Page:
Lander Group

59 Stokes Castle

at Stokes Castle, one mile west of Austin, Nevada

Anson Phelps Stokes, mine developer, railroad magnate and member of a prominent eastern family, built Stokes Castle as a summer home for his sons. After the castle (or the tower, as the Stokes family always referred to it) was completed, in June 1867, the Stokes family used it for two months. Since then, with one possible exception, the structure has remained unoccupied.

Stokes castle is made of granite. The huge stones, raised with a hand winch and held in position by rock wedging and clay mortar. The architectural model for the castle was a medieval tower Anson Stokes had seen and admired near Rome. This building originally had three floors, each with a fireplace, plate glass view windows, balconies on the second and third floors, and a battlemented terrace on the roof. It had plumbing and sumptuously furnishings.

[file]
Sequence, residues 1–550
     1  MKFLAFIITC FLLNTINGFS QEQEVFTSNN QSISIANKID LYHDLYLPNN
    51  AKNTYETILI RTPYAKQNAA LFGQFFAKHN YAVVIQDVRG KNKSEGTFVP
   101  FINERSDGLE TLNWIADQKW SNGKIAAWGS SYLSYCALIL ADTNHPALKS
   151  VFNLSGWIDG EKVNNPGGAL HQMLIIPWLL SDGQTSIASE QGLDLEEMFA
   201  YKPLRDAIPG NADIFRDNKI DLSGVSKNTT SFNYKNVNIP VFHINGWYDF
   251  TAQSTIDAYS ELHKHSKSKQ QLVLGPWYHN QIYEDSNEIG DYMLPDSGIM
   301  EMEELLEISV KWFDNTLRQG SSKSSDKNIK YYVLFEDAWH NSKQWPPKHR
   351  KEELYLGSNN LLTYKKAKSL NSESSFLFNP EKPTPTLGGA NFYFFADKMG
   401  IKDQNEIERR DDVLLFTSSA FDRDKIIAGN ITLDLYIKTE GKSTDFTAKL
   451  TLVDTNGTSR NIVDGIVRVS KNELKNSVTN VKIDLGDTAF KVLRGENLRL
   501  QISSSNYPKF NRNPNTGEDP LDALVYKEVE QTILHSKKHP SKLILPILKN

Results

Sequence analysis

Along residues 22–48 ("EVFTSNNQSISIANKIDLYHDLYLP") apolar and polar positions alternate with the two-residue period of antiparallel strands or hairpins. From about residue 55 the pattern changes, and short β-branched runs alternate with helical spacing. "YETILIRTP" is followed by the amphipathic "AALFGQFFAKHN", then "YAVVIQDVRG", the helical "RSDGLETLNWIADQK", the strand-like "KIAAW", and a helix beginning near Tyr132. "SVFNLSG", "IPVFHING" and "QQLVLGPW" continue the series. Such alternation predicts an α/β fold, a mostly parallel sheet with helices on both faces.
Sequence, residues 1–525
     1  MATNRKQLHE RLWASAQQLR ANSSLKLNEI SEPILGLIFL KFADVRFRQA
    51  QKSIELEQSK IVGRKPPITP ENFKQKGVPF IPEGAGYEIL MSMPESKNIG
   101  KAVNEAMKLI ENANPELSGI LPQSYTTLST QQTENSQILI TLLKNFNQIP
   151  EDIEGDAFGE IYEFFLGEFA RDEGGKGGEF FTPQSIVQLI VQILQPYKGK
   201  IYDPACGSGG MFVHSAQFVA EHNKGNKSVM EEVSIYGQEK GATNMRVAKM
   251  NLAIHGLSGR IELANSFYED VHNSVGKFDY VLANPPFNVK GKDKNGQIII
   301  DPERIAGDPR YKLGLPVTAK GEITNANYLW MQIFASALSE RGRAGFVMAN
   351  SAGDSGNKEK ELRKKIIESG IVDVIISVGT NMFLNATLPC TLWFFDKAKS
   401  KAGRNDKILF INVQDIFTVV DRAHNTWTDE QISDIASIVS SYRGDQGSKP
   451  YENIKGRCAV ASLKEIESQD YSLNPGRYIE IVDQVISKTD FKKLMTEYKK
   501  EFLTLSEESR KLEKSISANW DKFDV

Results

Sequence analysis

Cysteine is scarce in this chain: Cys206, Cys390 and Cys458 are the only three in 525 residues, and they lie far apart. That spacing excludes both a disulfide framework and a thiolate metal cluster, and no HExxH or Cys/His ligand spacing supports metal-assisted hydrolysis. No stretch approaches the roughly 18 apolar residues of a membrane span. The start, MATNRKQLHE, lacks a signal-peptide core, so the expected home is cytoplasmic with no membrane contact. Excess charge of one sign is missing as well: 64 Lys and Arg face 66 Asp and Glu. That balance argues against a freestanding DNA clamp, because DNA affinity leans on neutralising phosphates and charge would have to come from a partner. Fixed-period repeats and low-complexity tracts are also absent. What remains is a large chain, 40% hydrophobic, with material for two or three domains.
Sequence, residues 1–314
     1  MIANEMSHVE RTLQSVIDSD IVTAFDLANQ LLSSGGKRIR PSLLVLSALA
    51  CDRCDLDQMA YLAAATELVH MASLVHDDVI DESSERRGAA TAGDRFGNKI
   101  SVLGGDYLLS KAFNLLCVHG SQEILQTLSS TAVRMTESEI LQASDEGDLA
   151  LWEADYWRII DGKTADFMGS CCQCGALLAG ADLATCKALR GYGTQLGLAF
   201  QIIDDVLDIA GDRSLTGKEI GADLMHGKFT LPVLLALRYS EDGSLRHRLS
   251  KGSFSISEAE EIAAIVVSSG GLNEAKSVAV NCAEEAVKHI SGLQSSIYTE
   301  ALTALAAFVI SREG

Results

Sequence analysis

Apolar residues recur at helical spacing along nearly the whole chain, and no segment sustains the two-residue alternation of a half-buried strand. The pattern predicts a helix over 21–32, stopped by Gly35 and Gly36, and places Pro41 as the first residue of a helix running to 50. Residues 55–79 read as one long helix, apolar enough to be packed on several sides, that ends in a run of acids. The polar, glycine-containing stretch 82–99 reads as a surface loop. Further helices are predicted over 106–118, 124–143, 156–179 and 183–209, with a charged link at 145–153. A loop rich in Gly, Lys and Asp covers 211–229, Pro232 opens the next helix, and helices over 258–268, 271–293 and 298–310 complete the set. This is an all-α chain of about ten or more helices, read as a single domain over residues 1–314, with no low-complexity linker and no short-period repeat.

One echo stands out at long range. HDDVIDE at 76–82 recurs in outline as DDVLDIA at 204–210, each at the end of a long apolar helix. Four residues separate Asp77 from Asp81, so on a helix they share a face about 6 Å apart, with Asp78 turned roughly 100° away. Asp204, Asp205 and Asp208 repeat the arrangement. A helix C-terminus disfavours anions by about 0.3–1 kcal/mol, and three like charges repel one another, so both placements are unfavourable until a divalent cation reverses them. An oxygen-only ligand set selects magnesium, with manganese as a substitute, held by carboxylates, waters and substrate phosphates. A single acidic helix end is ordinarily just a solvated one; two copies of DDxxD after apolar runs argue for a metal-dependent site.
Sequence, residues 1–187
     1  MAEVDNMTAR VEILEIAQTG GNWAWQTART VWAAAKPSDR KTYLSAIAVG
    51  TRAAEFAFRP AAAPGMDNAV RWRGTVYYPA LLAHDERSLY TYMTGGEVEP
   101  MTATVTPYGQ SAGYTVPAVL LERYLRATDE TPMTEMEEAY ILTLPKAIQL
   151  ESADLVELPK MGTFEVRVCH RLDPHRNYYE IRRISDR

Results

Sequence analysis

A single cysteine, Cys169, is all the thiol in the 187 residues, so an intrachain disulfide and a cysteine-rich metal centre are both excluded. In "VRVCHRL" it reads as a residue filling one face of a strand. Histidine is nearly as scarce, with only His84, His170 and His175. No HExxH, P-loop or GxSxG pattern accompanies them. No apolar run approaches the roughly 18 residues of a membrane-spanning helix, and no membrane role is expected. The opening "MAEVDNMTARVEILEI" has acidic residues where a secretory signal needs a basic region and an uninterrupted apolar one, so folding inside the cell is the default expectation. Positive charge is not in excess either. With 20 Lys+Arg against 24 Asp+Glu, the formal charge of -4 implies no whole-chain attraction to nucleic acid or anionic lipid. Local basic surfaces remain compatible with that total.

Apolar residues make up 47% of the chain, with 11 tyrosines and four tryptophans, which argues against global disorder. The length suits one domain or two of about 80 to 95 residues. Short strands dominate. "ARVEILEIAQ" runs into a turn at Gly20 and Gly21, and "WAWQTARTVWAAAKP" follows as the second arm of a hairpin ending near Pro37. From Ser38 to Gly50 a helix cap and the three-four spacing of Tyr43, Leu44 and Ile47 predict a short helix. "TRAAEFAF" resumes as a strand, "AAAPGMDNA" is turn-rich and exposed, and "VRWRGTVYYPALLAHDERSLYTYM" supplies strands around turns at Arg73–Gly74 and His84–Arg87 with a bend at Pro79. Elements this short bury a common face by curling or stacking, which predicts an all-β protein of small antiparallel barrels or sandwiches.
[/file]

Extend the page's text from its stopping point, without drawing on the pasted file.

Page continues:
The structure stands as an abiding monument to the men who built it and to those who helped develop Austin.

8 Austin

on U.S. Highway 50 in Austin, Nevada

Austin sprang into being after William Talcott discovered silver at this spot on May 2, 1862. Talcott came from Jacobsville, a stage stop six miles to the west on the Reese River. He was hauling wood out of Pony Canyon, directly below, when he made the strike that set off the famous “Rush to Reese.”

A town called Clifton flourished briefly in Pony Canyon but fast growing Austin soon took over and became the Lander County seat in 1863. Before the mines began to fail in the 1880s Austin was a substantial city of several thousand people. From Austin, prospectors fanned out to open many other important mining camps in the Great Basin.